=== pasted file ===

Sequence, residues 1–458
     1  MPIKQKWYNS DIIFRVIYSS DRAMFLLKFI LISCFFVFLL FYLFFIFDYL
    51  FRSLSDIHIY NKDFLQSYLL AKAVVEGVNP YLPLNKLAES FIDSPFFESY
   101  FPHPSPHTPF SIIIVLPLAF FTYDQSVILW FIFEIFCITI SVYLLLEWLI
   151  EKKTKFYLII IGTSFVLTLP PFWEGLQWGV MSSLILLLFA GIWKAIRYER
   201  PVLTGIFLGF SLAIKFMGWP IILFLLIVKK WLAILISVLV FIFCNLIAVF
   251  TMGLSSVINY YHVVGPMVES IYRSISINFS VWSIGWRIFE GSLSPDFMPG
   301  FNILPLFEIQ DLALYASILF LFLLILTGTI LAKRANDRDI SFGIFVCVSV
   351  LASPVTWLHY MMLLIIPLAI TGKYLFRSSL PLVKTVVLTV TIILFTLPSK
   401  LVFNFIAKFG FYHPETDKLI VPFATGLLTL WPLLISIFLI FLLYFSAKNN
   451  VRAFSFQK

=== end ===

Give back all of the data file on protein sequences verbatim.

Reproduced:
Sequence, residues 1–458
     1  MPIKQKWYNS DIIFRVIYSS DRAMFLLKFI LISCFFVFLL FYLFFIFDYL
    51  FRSLSDIHIY NKDFLQSYLL AKAVVEGVNP YLPLNKLAES FIDSPFFESY
   101  FPHPSPHTPF SIIIVLPLAF FTYDQSVILW FIFEIFCITI SVYLLLEWLI
   151  EKKTKFYLII IGTSFVLTLP PFWEGLQWGV MSSLILLLFA GIWKAIRYER
   201  PVLTGIFLGF SLAIKFMGWP IILFLLIVKK WLAILISVLV FIFCNLIAVF
   251  TMGLSSVINY YHVVGPMVES IYRSISINFS VWSIGWRIFE GSLSPDFMPG
   301  FNILPLFEIQ DLALYASILF LFLLILTGTI LAKRANDRDI SFGIFVCVSV
   351  LASPVTWLHY MMLLIIPLAI TGKYLFRSSL PLVKTVVLTV TIILFTLPSK
   401  LVFNFIAKFG FYHPETDKLI VPFATGLLTL WPLLISIFLI FLLYFSAKNN
   451  VRAFSFQK